• 2 out of 52 out of 52 out of 52 out of 52 out of 5 Mark | 12/29/2013

    " It's rare that I give up on a book, especially when someone has personally recommended it to me, but I cannot stand this book. There is no rhythm or flow. Just when you think the writer has hit her stride and things are finally going to move along, she slams the door of boredom in your face. This book just isnt working for me. "

  • 5 out of 55 out of 55 out of 55 out of 55 out of 5 raina | 12/27/2013

    " Almost a collection of short stories, these tales are weaved around the travels of an accordion that makes its way in and out of ethnic cultures in the United States. Proulx's vast knowledge of location and identity, as well as her facility with dialects and dialogues, makes this book a veritable historical survey of the United States intertwined with the important role music plays in identity and memory. "

  • 3 out of 53 out of 53 out of 53 out of 53 out of 5 Beth | 12/19/2013

    " I could never get into this book. I never finished it. "

  • 4 out of 54 out of 54 out of 54 out of 54 out of 5 Sarah Sammis | 12/16/2013

    " Clearly the author put a lot of thought into the back stories of all the different families who come into possession of the Green Accordion. Her frequent asides hint at the fullness of the story but each scene is so quick, so flitting that I found it difficult to engage any of the characters, save for the builder of the accordion. Each of these 50 page chapters could easily have been expanded into a separate novel making for a series of novels about the Accordion but I'm sure that her publisher wouldn't have wanted to take that much of a risk on a series of books about a musical instrument. "

  • 3 out of 53 out of 53 out of 53 out of 53 out of 5 Marie | 12/12/2013

    " I'm possitive it took many hours of research for Ms Proulx to put this book together, and I admire her for her efforts, but I truthfully had a difficult time keeping an interest in completing it, but I did. I did find the different experiences of the immigrants and their hard lives close to what my own grandparents lived through. "

  • 2 out of 52 out of 52 out of 52 out of 52 out of 5 Abby Sominski | 11/28/2013

    " I tired of the main character (the accordian), it lacked personality. "

  • 2 out of 52 out of 52 out of 52 out of 52 out of 5 Tracey | 11/9/2013

    " I didn't like this book as much as the others I'd read by Proulx. It sort of jumped around in time, wasn't written chronologically, and for me that is difficult. It was interesting, but not really good IMO. "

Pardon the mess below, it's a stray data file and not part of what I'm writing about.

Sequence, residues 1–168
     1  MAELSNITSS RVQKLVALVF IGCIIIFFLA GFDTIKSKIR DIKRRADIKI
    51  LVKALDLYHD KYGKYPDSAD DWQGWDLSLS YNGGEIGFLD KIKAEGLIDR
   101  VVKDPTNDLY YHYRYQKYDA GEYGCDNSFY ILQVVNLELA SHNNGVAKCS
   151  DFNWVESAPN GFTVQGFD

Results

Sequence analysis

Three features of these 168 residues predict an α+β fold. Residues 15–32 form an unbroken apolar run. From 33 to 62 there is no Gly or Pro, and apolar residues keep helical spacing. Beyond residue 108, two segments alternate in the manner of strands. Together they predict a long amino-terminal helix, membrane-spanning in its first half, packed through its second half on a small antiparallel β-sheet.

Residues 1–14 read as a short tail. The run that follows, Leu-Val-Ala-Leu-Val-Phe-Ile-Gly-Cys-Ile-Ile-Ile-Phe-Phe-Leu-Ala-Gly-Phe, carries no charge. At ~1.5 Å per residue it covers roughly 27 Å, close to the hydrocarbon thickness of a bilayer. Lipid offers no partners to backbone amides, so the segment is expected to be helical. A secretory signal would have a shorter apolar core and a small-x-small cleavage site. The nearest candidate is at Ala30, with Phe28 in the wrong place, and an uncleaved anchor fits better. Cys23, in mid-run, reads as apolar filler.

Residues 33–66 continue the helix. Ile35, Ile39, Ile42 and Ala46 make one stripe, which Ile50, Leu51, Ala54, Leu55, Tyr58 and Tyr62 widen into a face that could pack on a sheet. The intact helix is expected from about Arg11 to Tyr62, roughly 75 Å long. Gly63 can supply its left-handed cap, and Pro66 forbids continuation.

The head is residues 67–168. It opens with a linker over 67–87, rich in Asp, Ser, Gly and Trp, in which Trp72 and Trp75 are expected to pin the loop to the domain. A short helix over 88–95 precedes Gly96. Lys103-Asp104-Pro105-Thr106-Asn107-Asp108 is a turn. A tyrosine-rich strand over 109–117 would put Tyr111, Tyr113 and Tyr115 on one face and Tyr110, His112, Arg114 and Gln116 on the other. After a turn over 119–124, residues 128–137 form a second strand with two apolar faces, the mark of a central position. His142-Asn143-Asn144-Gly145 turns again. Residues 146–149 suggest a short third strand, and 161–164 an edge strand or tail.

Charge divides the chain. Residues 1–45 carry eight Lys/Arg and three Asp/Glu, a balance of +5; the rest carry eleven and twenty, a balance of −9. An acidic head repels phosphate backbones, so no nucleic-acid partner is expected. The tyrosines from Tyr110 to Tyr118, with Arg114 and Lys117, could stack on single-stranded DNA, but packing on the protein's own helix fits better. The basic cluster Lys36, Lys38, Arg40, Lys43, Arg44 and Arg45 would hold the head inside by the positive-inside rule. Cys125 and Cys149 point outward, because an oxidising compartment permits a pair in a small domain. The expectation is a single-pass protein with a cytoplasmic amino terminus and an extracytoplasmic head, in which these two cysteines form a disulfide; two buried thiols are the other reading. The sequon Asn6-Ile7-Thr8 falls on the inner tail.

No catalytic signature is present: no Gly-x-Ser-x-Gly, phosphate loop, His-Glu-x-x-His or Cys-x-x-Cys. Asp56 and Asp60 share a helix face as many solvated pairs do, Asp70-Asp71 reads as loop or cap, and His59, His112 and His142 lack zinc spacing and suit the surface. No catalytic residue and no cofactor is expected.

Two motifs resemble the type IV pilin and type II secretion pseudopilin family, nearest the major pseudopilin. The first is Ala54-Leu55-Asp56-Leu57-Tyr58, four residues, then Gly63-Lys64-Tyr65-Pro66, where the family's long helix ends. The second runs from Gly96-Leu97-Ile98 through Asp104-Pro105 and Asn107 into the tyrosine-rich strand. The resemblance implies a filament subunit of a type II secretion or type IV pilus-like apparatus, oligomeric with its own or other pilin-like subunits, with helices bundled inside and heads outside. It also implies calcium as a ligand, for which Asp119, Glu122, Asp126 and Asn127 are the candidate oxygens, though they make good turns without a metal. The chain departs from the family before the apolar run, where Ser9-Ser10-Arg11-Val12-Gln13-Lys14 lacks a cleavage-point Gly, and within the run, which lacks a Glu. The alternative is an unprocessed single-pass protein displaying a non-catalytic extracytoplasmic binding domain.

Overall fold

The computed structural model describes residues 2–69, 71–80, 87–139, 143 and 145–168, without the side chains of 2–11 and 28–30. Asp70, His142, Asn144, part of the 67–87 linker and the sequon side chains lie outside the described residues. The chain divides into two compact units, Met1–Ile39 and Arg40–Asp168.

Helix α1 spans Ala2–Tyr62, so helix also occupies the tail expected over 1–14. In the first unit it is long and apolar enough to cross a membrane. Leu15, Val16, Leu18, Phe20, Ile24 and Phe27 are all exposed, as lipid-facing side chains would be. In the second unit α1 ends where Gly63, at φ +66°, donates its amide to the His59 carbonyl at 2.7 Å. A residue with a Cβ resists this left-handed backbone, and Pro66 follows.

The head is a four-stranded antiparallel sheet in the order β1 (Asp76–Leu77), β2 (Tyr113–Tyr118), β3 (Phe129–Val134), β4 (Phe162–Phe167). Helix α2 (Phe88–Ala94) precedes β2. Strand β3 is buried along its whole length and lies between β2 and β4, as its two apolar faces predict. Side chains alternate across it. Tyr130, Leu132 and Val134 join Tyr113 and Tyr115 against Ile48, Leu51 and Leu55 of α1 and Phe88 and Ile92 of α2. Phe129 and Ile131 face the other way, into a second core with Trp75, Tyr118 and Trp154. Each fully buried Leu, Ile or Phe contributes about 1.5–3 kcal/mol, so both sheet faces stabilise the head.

• 3 out of 53 out of 53 out of 53 out of 53 out of 5 Robwlyn | 10/1/2013

    " Makes you think about generations of people...their lives...what objects may connect us to the past and the future "

  • 1 out of 51 out of 51 out of 51 out of 51 out of 5 Priya Keefe | 8/26/2013

    " I loved The Shipping News, but although I liked the idea behind Accordion Crimes, I didn't care about any of the characters. I might be a different kind of reader now, but I'm not inclined to pick up this grim tale again. "

  • 2 out of 52 out of 52 out of 52 out of 52 out of 5 Jeffrey Brown | 8/11/2013

    " i keep losing interest in this one, but i am so fascinated by the setting and characters... "

  • 3 out of 53 out of 53 out of 53 out of 53 out of 5 Susan Odetta | 6/14/2013

    " This story follows a little green button accordion through several generations of people's hands; people who suffer horrible injury or a terrible death. But the accordion survives....sort of. "

  • 4 out of 54 out of 54 out of 54 out of 54 out of 5 Jessica | 4/29/2013

    " Follows the story of a green accordion from the accordion maker who brings it to America. Reads like a collection of short stories, but they are all so dense and detailed they begin to feel repetitive. A nice story of Am. heritage and old world music, though. "

  • 5 out of 55 out of 55 out of 55 out of 55 out of 5 Janie | 2/19/2013

    " I listened to this on audiocassettes and it blew me away. Rich characterization, beautiful description, and surprising twists and turns. An all-time favorite, this book introduced me to Proulx' other works. "

  • 1 out of 51 out of 51 out of 51 out of 51 out of 5 Chloe | 1/29/2013

    " Still struggling through this...grim... "

  • 2 out of 52 out of 52 out of 52 out of 52 out of 5 Malcolm Creen | 9/29/2012

    " Clever, but too American for many English readers I suspect. "

  • 2 out of 52 out of 52 out of 52 out of 52 out of 5 Andrew Herren | 7/31/2012